Tag Archives: refugees

Integration Of Immigrants Issue In Hungary

The arrival of immigrants from all parts of the world is an ongoig issue in most nations in the European Union and Hungary increasingly has found itself still learning how best to integrate the new arrivals within society. The UNHCR recently investigated how Hungary is dealng with immigrants and warned about insufficient effort to get the new arrivals out of detention centers and out into the real world where they had to work, learn the language and establish a new life. As Mchael Lindenbauer of UNHCR told Hungarian officials “in the long run there is no such thing as integration within a center….In general, the refugees should be helped to start their own independent lives.” He emphasized that learning a new language is best done while at work or living among Hungarians rather than taking classes in a detention center.

A major concern of UN refugee experts is that Hungary does not provide enough interaction between refugees and local Hungarians. There is also a lack of job training to get people quickly into productive work with Hungarians. As always, any effective program for refugees makes them quickly cease being a foreigner who is outside society whlle making certain they are working, learning and focusing on the future.

Another MP Killed In Kenya- Chaos Continues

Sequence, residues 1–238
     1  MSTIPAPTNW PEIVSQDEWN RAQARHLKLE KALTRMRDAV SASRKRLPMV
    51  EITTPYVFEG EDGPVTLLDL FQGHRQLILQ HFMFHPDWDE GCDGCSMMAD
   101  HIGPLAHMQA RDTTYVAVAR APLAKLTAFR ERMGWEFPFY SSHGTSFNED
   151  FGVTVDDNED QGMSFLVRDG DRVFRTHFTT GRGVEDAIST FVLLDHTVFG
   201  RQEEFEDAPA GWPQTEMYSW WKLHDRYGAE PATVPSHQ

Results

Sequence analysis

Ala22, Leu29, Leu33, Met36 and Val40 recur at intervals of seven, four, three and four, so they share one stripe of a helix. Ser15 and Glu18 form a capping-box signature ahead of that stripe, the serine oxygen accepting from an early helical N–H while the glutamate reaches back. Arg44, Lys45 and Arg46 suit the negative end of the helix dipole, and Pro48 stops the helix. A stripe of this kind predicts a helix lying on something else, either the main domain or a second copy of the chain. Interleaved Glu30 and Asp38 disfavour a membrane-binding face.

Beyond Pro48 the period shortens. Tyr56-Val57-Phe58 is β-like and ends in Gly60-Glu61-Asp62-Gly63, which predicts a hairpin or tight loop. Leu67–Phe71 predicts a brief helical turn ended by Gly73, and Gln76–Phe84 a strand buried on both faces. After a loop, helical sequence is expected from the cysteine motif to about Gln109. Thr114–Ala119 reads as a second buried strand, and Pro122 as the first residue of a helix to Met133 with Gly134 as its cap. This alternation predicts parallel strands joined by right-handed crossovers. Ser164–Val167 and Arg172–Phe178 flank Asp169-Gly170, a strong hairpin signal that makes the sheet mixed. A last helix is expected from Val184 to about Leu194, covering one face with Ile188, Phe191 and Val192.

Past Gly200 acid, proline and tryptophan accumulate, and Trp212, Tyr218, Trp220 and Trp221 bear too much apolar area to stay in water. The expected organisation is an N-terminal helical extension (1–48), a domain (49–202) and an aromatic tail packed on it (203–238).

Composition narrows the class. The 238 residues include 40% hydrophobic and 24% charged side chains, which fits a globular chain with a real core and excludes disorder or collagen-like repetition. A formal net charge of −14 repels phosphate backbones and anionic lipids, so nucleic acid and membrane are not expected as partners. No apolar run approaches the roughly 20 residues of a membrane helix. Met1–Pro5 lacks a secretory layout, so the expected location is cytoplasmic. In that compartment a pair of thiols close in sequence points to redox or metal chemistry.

Another member of the Kenya parliament was killed when a policeman shot David Kimtai of the Orange Democratic Movement. Kofi Annan, former head of the United Nations is trying to get all parties to sit, discuss, and come up with a compromise solution that will end violence which has engulfed a nation that up to this point had escaped such tribal conflicts. Military helicopters have been ordered to shoot and kill any gangs that are engaged in violence or setting up road blocks. They have identified four categories of people who will be shot on sight if they engage in criminal actions–those looting property, those burning houses, or those carrying weapons or trying to barricade roads to prevent free movement of people and goods.

President Kibaki continues insisting he won the election that most observers believe was a fraudulent process in which Kibaki doctored vote totals. More than 800 people are dead and thousands forced into temporary refugee camps. For example, at the Naivasha GK Prison, moe than 5,000 people are seeking safety and although there are no avaialbe restrooms or clean water more people arrive by the hour. History will note this was not the finest hour of President Kibaki on whose head lies the death of hundreds of people.

Chaos Accelerates In Somalia

The situation in Somalia continues its rapid decline into even more chaos than previously has been characteristic of this nation. The United Nations estimates about 1,000,000 people are now refugees in their own land and at least 200,000 have fled the capital of Mogadishu in the past two weeks. Several months ago, an Ethiopian invasion urged on by President Bush led to the overthrow of an Islamic fundamentalist government and the creation of an interim Muslim government lacking power or authority. The UN Commissioner For Refugees(UNHCR) describes “Families continue to lack proper shelter and consistently resort to using any material– including plastic bags– to patch up their tukuls–flimsy dome-shaped shelters.” The UN authorized a force of 8,000 soldiers to assist in the area but only 1,600 Ugandans are in Somalia.